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Showing 91-100 of 152 results

  • OPINION

    Lottery reform is running out of chances

    News, Published on 20/06/2015

    » The reform of the Thai national lottery is seemingly never ending. The workings of the Government Lottery Office (GLO) make little sense to outsiders, epitomised by the fact that while a ticket costs only 40 baht, tickets are only bought in pairs. However, the design of the GLO is rational but has become opaque.

  • OPINION

    Has reform failed, or has it even begun?

    News, Atiya Achakulwisut, Published on 23/06/2015

    » Maybe it's the natural swing of the pendulum — what goes up must come down — and that explains why we have gone from fight-to-the-death battles against inequality a few years ago, to high-minded campaigns for national reform last year, to struggles against overpriced lotteries, motorcycle racers and the age-old question of whether casinos should be allowed to operate legally in Thailand now.

  • OPINION

    For reconciliation, just follow the plan

    News, Published on 23/06/2015

    » There is angst concerning the authoritarian direction Thailand is taking as well as uncertainty regarding whether the reform process and draft constitution constitute a roadmap for a normative democracy in post-2016 elections. Even Prime Minister Prayut Chan-o-cha has not ruled out further instability.

  • OPINION

    He ain't heavy (he's only 11)

    Life, Adam Kohut, Published on 25/06/2015

    » Live abroad for long enough and you start to lose touch. The things you took for granted back home - your friends, your family, your Shih Tzu - start to become relics of a faded reality. You are absent for birthdays, anniversaries, Christmases. Your loved ones wrinkle and shrink as they are dragged behind time's insectile scuttle.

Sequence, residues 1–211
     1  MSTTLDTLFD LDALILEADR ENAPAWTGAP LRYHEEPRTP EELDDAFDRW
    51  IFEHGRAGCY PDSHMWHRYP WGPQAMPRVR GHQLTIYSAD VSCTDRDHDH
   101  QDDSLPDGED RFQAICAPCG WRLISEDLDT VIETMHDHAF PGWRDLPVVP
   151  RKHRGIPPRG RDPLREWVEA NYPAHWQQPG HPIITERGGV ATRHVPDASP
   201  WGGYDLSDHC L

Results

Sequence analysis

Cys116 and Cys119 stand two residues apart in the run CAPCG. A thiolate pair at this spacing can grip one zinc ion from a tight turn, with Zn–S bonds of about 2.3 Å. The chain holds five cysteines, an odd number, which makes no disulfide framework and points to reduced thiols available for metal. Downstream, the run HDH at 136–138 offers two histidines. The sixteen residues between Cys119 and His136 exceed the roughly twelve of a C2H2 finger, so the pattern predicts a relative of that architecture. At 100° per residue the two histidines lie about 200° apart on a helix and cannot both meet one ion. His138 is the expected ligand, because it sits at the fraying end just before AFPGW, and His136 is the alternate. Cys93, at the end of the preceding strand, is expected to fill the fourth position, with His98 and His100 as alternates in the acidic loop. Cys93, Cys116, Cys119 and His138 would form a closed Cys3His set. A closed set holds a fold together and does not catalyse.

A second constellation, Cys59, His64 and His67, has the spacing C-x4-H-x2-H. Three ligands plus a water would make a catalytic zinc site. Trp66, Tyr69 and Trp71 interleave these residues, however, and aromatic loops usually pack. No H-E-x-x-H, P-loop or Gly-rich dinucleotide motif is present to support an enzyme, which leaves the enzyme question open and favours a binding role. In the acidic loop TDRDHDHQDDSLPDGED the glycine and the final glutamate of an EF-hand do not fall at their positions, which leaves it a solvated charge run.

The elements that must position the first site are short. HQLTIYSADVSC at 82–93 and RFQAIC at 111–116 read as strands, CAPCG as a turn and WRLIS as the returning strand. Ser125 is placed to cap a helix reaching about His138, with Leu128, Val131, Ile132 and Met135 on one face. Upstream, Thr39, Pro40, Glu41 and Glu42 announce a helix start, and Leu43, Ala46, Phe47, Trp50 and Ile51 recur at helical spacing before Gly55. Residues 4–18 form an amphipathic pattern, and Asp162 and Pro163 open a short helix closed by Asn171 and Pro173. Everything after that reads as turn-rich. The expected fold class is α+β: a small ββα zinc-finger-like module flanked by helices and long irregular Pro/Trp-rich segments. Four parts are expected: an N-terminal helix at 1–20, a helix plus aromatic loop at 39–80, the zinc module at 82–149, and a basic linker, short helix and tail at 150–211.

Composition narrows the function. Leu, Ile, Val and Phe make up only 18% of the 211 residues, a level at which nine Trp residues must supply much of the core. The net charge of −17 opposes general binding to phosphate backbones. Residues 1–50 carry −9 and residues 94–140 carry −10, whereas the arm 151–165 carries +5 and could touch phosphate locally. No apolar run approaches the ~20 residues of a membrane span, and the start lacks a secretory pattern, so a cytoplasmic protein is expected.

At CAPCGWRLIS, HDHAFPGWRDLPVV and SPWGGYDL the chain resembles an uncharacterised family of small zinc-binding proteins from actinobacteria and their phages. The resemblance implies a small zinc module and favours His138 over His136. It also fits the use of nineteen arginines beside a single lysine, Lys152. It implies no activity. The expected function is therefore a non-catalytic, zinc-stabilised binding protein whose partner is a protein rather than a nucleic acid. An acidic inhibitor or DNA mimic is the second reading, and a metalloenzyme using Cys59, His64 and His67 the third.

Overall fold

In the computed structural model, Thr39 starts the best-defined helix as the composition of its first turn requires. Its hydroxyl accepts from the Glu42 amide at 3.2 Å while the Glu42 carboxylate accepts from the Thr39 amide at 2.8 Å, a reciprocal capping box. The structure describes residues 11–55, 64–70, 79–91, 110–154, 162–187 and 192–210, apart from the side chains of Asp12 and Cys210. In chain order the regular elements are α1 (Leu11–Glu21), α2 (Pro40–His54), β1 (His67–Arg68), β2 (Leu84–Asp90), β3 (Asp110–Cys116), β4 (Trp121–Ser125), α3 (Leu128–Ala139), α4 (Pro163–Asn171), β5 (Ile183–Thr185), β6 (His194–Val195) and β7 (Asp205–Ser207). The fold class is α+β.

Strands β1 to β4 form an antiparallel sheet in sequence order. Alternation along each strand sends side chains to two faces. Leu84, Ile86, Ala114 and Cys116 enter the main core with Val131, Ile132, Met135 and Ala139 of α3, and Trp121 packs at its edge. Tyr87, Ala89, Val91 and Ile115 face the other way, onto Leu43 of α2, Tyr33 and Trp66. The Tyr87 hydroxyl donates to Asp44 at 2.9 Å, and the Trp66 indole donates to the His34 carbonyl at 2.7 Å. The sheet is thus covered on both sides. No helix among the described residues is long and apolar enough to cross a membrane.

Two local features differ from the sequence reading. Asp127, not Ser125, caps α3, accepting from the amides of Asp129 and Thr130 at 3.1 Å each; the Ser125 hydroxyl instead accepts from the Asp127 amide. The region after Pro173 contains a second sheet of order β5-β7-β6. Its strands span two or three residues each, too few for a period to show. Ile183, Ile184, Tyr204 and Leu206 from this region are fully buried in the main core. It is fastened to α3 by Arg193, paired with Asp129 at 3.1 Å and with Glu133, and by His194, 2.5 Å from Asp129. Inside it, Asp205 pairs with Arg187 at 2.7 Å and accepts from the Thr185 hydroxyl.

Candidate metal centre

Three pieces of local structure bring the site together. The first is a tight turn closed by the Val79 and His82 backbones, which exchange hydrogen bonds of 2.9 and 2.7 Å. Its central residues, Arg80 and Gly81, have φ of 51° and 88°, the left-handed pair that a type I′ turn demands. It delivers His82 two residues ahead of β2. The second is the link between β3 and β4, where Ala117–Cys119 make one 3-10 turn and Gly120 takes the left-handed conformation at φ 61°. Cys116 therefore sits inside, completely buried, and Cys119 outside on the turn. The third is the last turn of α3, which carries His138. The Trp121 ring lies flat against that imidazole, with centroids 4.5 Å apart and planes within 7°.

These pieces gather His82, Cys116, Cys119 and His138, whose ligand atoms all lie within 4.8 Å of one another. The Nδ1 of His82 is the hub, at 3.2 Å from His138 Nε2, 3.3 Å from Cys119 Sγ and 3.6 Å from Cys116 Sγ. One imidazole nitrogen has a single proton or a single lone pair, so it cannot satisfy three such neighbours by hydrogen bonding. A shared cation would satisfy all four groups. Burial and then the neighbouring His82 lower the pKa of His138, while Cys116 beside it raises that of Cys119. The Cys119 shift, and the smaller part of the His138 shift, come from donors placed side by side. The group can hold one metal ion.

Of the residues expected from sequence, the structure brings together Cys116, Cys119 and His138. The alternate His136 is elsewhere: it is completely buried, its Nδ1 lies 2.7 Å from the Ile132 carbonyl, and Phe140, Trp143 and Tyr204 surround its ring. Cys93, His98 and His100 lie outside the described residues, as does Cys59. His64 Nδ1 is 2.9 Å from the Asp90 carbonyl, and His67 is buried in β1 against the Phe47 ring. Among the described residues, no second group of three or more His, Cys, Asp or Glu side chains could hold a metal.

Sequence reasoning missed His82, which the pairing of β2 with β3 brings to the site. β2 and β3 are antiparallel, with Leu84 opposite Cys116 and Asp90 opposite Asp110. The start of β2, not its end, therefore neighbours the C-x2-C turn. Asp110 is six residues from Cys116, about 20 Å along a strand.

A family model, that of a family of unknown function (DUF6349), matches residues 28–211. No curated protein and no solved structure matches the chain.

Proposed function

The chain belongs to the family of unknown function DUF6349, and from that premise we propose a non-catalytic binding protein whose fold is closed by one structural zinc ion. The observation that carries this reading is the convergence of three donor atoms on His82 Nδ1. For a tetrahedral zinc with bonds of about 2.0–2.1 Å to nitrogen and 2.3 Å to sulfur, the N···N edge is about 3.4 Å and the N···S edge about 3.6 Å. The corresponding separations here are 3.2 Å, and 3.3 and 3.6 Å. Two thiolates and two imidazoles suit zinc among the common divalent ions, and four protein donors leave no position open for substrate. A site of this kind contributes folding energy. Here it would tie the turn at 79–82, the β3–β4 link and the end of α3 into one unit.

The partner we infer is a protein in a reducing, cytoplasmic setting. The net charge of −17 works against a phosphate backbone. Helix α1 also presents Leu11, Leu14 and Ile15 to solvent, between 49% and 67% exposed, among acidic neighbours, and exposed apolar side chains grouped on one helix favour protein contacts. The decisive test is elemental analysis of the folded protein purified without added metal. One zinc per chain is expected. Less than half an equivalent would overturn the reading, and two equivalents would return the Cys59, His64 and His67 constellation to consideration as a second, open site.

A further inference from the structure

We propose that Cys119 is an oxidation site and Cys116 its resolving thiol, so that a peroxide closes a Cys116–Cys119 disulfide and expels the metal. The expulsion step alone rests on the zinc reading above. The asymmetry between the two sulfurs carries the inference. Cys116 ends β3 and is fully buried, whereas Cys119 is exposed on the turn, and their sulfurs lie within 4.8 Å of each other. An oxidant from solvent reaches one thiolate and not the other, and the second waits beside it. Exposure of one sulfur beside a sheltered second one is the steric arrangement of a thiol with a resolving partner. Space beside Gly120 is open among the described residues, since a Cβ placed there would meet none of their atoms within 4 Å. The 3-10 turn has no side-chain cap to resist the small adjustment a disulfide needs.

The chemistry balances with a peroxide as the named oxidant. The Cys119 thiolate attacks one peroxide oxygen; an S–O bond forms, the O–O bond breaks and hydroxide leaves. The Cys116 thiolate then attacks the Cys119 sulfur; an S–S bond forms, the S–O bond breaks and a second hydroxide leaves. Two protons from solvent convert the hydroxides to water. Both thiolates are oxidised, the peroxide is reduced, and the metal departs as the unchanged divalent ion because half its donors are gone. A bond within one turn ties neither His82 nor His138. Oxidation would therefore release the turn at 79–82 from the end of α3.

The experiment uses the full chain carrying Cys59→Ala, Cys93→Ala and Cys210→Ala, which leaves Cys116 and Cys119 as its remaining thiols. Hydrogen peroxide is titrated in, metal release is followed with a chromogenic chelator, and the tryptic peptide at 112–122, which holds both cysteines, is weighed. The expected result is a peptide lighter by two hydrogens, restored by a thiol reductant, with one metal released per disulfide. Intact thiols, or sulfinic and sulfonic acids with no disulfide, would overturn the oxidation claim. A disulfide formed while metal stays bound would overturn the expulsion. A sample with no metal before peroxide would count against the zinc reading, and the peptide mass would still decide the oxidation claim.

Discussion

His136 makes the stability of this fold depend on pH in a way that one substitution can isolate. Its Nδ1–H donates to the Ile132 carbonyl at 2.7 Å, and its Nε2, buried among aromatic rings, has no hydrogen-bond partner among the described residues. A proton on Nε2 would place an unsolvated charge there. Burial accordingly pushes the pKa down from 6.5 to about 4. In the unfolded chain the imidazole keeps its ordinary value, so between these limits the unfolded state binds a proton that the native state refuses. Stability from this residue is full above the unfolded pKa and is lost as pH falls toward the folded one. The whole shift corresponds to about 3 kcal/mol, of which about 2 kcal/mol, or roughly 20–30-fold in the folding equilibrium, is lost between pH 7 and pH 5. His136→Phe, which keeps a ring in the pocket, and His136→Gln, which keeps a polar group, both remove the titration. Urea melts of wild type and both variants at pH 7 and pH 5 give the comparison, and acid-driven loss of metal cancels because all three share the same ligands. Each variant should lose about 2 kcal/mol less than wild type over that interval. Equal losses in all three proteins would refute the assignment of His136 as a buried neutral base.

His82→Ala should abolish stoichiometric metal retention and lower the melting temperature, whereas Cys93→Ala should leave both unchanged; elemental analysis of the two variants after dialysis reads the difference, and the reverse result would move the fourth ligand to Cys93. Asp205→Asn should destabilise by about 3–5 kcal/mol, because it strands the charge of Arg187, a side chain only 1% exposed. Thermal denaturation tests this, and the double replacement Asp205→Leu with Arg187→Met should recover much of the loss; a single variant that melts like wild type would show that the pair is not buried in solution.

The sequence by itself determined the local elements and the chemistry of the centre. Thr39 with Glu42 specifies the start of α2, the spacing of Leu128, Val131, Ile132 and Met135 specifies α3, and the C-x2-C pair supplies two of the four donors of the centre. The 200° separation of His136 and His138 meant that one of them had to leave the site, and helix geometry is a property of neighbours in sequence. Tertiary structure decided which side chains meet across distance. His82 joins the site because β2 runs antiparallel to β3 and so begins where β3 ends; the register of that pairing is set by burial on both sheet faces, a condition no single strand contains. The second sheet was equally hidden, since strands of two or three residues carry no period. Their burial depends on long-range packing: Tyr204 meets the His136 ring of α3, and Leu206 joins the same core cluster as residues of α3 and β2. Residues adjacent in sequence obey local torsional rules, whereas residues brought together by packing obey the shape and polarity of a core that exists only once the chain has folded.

• OPINION

    Legalisation of casinos is no black and white issue

    News, Wasant Techawongtham, Published on 26/06/2015

    » Do you gamble? If you say you never gamble, then you belong in a tiny minority of the human race. But I bet you have loved ones who gamble.

  • OPINION

    Media cannot be complicit in spin

    News, Published on 28/06/2015

    » Junta leader Prayut Chan-o-cha’s relationship with the media, never warm even in his days as army chief, seemed to reach new lows last week. In successive press conferences, which some outlets openly referred to as rants, he showed anger and contempt for the professionals who cover national politics. The relationship is unlikely to improve this week when the military regime calls in 200 journalists in an attempt to teach them how to ask questions in an appropriate manner, as though it is somehow their job to help Gen Prayut control himself.

  • OPINION

    Don't play roulette with Thai society

    News, Sawai Boonma, Published on 01/07/2015

    » Since the National Council for Peace and Order took the reins of government 13 months ago, Thailand was supposed to be on a path of reform — to make major changes for the better. The National Reform Assembly (NRA), with members chosen from various groups of presumably wise Thais, was set up to put together what needs to be changed.

  • OPINION

    Praise for lotto job well done

    News, Editorial, Published on 22/10/2015

    » Kudos to the board of the Government Lottery Office (GLO), chaired by Maj Gen Apirat Kongsompong, for its courageous decision to put an end to the monopolistic lottery allocation, a root cause of lottery overpricing. It is a feat that the current board's predecessors had failed to carry out -- or, to be more precise, were reluctant to enact over the past few decades.

  • OPINION

    Goodness, gracious, great balls of fire

    News, Roger Crutchley, Published on 08/11/2015

    » The Bun Bang Fai rocket men of Isan may beg to differ, but Thailand is not exactly in the vanguard of space exploration. We still get occasional sightings of UFOs, but most turn out to be the result of someone consuming too much amber liquid.

  • OPINION

    No merit in such soulless commercialism

    Life, Peerawat Jariyasombat, Published on 02/12/2015

    » I recently participated in a traditional ceremony to mark the end of Buddhist lent in a remote village of Chiang Mai. Without having a big budget, the locals had no choice but to prepare the site and organise the rites themselves, instead of hiring someone to do it. It was a simple ceremony in which everyone was happy to partake. People in rural areas usually think that apart from money, labour can also be donated as a way to make merit.

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